In summary, our study shows dramatic increases in LDL measurement in this large hospital-based quality improvement program. Because the GWTG–Stroke program has enrolled a significant fraction of all estimated stroke cases in the United States in later years (in 2008, the enrolled cases represent approximately 23.5% of all ischemic strokes as estimated by American Heart Association statistics21), these results suggest a major national change in ischemic stroke management. In parallel with increasing rates of lipid testing, a prior study of the GWTG–Stroke program shows increasing use of LLT at discharge in hospitalized patients with ischemic stroke.11 The frequency of lipid testing in the GWTG–Stroke program now compares favorably with the frequency of lipid testing in patients hospitalized for coronary artery disease.18 However, some disparities in LDL measurement in GWTG–Stroke persist, including lower odds of measurement in women, older patients, and patients with TIA. Our finding that LDL measurement was increasing with each calendar year, as well as with each additional year of GWTG–Stroke participation, suggests that both national secular trends and program-specific effects contributed to the observed increase in LDL measurement. These findings suggest that participation in programs that monitor performance and provide a process for quality improvement are associated with improved evaluation of LDL, yet opportunities for further improvement still exist.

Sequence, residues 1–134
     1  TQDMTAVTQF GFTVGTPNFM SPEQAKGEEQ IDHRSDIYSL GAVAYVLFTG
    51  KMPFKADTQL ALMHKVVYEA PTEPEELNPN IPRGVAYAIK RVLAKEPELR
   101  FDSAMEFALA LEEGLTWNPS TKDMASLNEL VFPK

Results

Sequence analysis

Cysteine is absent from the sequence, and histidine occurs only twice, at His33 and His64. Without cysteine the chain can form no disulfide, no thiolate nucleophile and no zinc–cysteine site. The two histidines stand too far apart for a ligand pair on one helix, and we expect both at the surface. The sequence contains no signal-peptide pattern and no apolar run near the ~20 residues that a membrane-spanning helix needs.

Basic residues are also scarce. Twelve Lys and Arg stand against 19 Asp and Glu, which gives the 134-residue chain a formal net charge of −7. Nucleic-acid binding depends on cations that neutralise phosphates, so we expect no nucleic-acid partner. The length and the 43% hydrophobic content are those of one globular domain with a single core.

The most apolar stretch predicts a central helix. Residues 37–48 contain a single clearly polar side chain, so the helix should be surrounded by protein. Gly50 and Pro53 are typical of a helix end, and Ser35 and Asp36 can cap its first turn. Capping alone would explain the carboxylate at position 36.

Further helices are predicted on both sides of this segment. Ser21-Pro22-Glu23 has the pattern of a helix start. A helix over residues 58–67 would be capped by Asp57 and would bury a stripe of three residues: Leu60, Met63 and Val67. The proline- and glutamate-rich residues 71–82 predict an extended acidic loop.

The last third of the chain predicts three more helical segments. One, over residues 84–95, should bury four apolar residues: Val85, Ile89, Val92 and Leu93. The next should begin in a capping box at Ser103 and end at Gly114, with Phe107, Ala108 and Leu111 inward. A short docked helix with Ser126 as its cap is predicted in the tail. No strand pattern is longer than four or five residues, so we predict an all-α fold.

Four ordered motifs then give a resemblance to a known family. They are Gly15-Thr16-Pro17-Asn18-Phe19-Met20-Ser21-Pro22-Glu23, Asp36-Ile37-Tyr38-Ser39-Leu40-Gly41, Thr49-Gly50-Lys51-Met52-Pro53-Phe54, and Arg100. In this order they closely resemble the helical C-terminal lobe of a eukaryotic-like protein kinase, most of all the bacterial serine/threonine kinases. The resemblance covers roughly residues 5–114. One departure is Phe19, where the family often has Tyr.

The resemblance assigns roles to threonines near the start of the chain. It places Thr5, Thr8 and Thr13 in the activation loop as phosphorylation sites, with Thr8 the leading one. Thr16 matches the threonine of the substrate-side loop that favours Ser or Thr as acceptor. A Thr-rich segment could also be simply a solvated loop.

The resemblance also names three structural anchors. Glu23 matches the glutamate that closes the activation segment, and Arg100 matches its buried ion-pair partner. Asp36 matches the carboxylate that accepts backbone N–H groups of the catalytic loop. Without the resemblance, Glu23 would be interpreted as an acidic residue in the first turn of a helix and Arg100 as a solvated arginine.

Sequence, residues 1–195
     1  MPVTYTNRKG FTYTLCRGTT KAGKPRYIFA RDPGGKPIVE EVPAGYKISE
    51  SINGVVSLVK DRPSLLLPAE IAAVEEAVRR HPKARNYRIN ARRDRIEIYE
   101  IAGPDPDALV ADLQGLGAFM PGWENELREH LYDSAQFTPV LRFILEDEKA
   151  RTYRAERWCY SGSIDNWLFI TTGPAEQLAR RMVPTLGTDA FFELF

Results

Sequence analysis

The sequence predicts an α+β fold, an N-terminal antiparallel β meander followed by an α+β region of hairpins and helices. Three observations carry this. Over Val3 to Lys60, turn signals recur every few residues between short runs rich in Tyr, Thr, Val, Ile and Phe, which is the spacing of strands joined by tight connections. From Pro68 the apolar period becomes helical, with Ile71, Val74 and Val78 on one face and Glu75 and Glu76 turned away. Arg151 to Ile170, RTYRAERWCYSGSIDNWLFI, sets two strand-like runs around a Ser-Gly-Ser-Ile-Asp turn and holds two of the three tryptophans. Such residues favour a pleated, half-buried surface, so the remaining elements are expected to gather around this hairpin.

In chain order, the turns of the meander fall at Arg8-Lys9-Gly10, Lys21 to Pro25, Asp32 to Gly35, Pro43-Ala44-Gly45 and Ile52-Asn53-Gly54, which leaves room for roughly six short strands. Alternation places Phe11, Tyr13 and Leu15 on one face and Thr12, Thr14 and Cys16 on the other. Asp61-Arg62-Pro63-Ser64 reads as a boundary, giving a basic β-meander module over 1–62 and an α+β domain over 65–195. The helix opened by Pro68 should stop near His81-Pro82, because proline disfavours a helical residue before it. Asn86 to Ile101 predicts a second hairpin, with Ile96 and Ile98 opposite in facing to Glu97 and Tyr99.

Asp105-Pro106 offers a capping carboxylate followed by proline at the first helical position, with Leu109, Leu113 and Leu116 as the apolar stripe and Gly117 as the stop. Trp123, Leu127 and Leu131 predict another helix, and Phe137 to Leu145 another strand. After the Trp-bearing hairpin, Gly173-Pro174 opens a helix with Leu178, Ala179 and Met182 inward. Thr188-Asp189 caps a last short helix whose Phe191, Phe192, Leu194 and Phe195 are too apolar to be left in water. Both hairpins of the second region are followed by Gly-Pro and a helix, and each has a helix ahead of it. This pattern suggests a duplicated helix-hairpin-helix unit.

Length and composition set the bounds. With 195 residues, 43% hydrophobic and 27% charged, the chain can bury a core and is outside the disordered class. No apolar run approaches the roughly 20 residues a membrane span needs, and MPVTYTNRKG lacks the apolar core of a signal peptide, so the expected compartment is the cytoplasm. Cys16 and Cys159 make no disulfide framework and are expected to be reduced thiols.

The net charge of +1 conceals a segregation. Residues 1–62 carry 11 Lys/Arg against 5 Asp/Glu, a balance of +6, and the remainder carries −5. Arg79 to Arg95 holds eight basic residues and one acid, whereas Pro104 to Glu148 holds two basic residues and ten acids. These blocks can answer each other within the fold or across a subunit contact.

The GWTG is funded by the American Heart Association and the American Stroke Association. The program is also supported in part by unrestricted educational grants to the American Heart Association by Pfizer, Inc, New York, NY, and the Merck-Schering Plough Partnership (North Wales, Pa), who did not participate in the design, analysis, manuscript preparation, or approval.
E.E.S. serves as a member of the Get With The Guidelines (GWTG) Science Subcommittee and receives research support from the National Institutes of Health (National Institute of Neurological Diseases and Stroke R01 NS062028) and the Canadian Stroke Network and salary support from the Heart and Stroke Foundation of Canada and the Canadian Institutes for Health Research. W.P., E.D.P., and D.O. are members of the Duke Clinical Research Institute, which serves as the American Heart Association (AHA) GWTG data coordinating center. M.J.R. has received salary support from the Michigan Stroke Paul Coverdell Registry and serves as a member of the AHA’s GWTG Quality Improvement Subcommittee. E.D.P. reports research support from BMS-Sanofi. G.C.F. chairs the AHA GWTG Steering Committee; serves as a consultant to Pfizer, Merck, Schering Plough, Bristol Myers Squibb, and Sanofi-Aventis; receives speaker honoraria from Pfizer, Merck, Schering Plough, Bristol Myers Squibb, and Sanofi-Aventis; and receives research support from Pfizer and the National Institutes of Health. L.H.S. serves as vice chair of the AHA GWTG Steering Committee; serves as a consultant to the Research Triangle Institute, CryoCath, and to the Massachusetts Department of Public Health; and has provided expert medical opinions in malpractice lawsuits regarding stroke treatment and prevention.
- Received September 11, 2009.
- Accepted September 17, 2009.